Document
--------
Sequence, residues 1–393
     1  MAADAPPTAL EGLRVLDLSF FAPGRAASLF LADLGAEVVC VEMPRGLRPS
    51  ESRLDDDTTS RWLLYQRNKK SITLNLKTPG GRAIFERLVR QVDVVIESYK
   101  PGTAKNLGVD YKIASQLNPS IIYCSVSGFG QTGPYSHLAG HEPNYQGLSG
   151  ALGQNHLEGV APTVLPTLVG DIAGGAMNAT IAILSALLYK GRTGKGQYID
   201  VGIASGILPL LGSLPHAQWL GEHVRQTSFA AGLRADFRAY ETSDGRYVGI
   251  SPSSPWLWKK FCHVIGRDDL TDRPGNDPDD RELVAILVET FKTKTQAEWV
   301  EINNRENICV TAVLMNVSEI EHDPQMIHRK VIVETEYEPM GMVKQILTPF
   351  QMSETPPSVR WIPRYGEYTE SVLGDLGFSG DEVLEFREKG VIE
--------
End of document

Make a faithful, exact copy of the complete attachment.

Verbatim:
Sequence, residues 1–393
     1  MAADAPPTAL EGLRVLDLSF FAPGRAASLF LADLGAEVVC VEMPRGLRPS
    51  ESRLDDDTTS RWLLYQRNKK SITLNLKTPG GRAIFERLVR QVDVVIESYK
   101  PGTAKNLGVD YKIASQLNPS IIYCSVSGFG QTGPYSHLAG HEPNYQGLSG
   151  ALGQNHLEGV APTVLPTLVG DIAGGAMNAT IAILSALLYK GRTGKGQYID
   201  VGIASGILPL LGSLPHAQWL GEHVRQTSFA AGLRADFRAY ETSDGRYVGI
   251  SPSSPWLWKK FCHVIGRDDL TDRPGNDPDD RELVAILVET FKTKTQAEWV
   301  EINNRENICV TAVLMNVSEI EHDPQMIHRK VIVETEYEPM GMVKQILTPF
   351  QMSETPPSVR WIPRYGEYTE SVLGDLGFSG DEVLEFREKG VIE